Genome-wide linkage analysis of 723 affected relative pairs with late-onset Alzheimer's disease

Biostatistics and Bioinformatics Unit, School of Medicine, Cardiff University, Heath Park, Cardiff CF14 4XN, UK.
Human Molecular Genetics (Impact Factor: 6.39). 11/2007; 16(22):2703-12. DOI: 10.1093/hmg/ddm224
Source: PubMed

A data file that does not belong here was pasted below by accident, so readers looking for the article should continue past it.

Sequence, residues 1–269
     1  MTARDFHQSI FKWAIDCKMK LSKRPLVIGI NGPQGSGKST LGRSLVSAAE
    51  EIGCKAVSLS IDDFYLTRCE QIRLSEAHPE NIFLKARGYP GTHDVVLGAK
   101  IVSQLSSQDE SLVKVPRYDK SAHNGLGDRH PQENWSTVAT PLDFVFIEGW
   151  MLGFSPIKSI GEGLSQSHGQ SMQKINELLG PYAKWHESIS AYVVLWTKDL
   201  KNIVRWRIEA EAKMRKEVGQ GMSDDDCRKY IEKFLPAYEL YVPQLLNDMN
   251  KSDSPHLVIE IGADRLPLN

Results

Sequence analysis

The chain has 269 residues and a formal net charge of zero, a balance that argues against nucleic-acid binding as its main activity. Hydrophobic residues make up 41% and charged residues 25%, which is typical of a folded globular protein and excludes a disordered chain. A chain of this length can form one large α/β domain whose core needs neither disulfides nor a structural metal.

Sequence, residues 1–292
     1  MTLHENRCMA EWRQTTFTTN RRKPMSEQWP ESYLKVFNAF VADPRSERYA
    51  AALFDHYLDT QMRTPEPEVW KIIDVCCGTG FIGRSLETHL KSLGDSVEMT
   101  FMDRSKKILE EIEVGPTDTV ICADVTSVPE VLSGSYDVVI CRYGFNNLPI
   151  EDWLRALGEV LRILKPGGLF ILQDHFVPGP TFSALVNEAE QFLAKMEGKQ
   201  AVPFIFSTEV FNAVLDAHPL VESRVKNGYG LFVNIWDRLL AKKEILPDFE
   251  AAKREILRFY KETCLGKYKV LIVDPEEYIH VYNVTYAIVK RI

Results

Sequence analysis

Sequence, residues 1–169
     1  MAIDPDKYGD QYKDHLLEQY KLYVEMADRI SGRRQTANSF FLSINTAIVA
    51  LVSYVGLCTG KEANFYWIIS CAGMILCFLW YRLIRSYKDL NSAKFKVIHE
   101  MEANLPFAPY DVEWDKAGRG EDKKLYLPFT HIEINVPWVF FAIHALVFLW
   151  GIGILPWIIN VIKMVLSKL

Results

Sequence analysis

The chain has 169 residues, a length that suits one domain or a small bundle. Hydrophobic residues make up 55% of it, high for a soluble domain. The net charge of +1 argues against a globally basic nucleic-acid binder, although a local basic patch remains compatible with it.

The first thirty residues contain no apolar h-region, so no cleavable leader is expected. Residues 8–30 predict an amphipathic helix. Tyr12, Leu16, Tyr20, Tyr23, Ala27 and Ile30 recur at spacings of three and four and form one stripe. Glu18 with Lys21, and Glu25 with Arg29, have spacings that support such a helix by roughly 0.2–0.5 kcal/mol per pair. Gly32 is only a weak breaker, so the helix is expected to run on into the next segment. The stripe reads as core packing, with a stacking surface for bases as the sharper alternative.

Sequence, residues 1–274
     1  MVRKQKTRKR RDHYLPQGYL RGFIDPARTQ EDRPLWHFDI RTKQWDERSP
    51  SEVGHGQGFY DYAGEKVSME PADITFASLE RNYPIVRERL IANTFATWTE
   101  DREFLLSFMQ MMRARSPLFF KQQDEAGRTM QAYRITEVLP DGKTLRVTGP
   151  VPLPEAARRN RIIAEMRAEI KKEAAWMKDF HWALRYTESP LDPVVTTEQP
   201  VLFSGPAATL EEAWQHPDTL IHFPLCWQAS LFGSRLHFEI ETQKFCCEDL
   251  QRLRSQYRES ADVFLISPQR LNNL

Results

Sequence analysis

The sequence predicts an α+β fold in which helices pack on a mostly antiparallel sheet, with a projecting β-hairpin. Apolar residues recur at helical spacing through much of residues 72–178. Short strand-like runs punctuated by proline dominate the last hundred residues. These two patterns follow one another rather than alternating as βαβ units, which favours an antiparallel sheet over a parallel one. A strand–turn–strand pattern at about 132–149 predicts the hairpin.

Previous attempts to identify genetic loci conferring risk for late-onset Alzheimer's disease (LOAD) through linkage analysis have observed some regions of linkage in common. However, due to the sometimes-considerable overlap between the samples, some of these reports cannot be considered to be independent replications. In order to assess the strength of the evidence for linkage and to obtain the best indication of the location of susceptibility genes, we have amalgamated three large samples to give a total of 723 affected relative pairs (ARPs). Multipoint, model-free ARP linkage analysis was performed. Genome-wide significant evidence for linkage was observed on 10q21.2 (LOD=3.3) and genome-wide suggestive evidence was observed on 9q22.33 (LOD=2.5) and 19q13.32 (LOD=2.0). One further region on 9p21.3 was identified with an LOD score>1. We observe no evidence to suggest that more than one locus is responsible for the linkage to 10q21.2, although this linked region may harbour more than one susceptibility gene. Evidence of allele-sharing heterogeneity between the original collection sites was observed on chromosome 9 but not on chromosome 10 or 19. Evidence for an interaction was observed between loci on chromosomes 10 and 19. Where samples overlapped, the genotyping consistency was high, estimated to average at 97.3%. Our large-scale linkage analysis consolidates clear evidence for a susceptibility locus for LOAD on 10q21.2.